Salgado’s work has helped raise awareness around the world, and has served as a powerful vision of what is happening via his lens. He doesn’t think he has a style of photography, but moreover thinks that photographers capture what is inside them.
“What I want is the world to remember the problems and the people I photograph. What I want is to create a discussion about what is happening around the world and to provoke some debate with these pictures. Nothing more than this. I don’t want people to look at them and appreciate the light and the palate of tones. I want them to look inside and see what the pictures represent, and the kind of people I photograph.” — Sebastião Salgado
“Why photograph war? Is it possible to put an end to human behavior which has existed throughout history by means of photography? The proportions of that notion seem ridiculously out of balance yet that very idea has motivated me.” — James Nachtwey
He entrenches deeply with his subjects, and seems fearless as he clicks away. His philosophy, moreover his motivation, is to inspire change by putting the lens on the dark side of humanity.
Conclusion:Photography is an art form that represents a sub-genre within philosophy. The study of why we are here, or the point of our existence is certainly a subjective thing for anybody. Art is a way to communicate between each other the beauty of life, and of others’ perspectives.
Photographs are a way of telling a story or narrative, or showing something in a different way, specifically from the photographer’s point of view. The human experience, whether comic or tragic, can be captured differently by the artist/photographer that cultivates an emotional or spiritual connection to their work.
Alan Watts, a philosopher and scholar of Eastern Philosophy and religion, had a great perspective on philosophy being a spiritual thing, not the logical state of modern philosophy today.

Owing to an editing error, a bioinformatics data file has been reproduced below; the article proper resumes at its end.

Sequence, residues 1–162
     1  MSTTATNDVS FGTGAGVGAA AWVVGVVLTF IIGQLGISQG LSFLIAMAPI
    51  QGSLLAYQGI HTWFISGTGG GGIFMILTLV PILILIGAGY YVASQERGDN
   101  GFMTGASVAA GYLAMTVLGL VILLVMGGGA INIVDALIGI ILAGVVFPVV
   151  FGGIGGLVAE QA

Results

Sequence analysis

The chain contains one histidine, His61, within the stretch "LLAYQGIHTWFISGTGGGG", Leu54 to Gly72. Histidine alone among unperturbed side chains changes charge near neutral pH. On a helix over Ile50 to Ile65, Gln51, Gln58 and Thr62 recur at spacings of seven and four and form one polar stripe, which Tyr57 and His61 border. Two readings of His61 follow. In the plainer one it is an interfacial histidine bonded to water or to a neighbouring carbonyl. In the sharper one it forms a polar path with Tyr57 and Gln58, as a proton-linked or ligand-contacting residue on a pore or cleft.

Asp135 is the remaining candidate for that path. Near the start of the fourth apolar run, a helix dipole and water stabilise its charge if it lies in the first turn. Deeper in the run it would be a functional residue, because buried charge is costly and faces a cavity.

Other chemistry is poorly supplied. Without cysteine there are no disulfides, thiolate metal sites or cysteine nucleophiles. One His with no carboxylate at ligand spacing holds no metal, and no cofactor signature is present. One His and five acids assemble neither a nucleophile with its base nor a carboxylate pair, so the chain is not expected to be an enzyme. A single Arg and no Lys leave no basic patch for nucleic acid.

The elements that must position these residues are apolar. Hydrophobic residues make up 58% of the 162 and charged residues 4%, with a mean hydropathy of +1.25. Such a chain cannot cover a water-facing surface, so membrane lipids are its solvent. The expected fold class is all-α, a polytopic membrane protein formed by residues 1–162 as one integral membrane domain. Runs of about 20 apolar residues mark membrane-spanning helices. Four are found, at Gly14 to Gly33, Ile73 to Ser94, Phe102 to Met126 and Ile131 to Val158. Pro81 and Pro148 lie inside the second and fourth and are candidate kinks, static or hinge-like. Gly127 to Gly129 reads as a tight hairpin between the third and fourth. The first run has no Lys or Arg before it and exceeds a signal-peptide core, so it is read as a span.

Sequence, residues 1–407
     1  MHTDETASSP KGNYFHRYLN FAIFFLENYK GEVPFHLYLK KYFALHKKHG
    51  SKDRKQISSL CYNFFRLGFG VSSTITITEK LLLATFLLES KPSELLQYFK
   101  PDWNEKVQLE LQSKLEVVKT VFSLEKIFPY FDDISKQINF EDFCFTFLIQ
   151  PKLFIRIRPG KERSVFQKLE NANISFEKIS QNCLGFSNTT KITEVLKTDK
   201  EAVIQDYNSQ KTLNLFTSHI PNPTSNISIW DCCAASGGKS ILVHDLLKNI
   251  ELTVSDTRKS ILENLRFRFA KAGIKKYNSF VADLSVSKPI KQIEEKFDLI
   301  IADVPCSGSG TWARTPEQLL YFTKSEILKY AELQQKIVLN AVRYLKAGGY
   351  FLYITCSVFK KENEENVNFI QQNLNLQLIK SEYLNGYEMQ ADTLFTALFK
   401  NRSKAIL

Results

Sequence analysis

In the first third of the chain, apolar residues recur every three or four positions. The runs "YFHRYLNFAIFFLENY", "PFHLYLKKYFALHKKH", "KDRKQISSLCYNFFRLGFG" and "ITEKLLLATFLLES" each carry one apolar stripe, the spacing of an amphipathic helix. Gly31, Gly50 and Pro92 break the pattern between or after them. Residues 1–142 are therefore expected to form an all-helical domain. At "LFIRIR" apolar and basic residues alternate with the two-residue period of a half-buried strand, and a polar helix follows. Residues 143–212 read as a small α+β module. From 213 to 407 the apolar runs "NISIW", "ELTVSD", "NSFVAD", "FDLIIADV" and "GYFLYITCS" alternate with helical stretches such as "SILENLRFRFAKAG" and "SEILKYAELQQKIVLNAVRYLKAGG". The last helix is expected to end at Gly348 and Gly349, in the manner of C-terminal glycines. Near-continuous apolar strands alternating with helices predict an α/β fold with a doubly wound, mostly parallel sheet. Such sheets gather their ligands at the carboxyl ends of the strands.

“You see, a philosopher is sort of intellectual yokel who gawks at things that sensible people take for granted. And sensible people say, existence, it’s nothing at all, just go on and do something. See, this is the current movement in philosophy, ‘logical analysis’, which says: you mustn’t think about existence, it’s a meaningless concept. Therefore, philosophy has become the discussion of trivia. No good philosopher lies awake nights, worrying about the destiny of Man, and the nature of God, and that sort of thing. Because a philosopher today is a practical fellow who comes to the university with a briefcase at 9:00 and leaves at 5:00. He ‘does philosophy’ during the day, which is discussing whether certain sentences have meaning and if so what, and – as William Earle said in a very funny essay – he would come to work in a white coat if he thought he could get away with it.
The problem is: he’s lost his sense of wonder. Wonder is in modern philosophy something one mustn’t have… it’s like enthusiasm in 18th century England: very bad form. But you see, I don’t know what question to ask when I wonder about the universe. It isn’t a question that I’m wondering about, it’s a feeling that I have…Because I cannot formulate the question that is my wonder. The moment my mouth opens to talk about it I suddenly find I’m talking nonsense. But that should not prevent wonder from being the foundation of philosophy.” — Alan Watts
Philosophy shouldn’t be a meaningless concept, it, like Watts says, should be wonderment and awe, and provide an unspoken feeling about the artist’s perspective for others to experience. I think that photography is an art form that has an unspoken emotion and beauty created by a photographer, and to me, that is the philosophy of photography.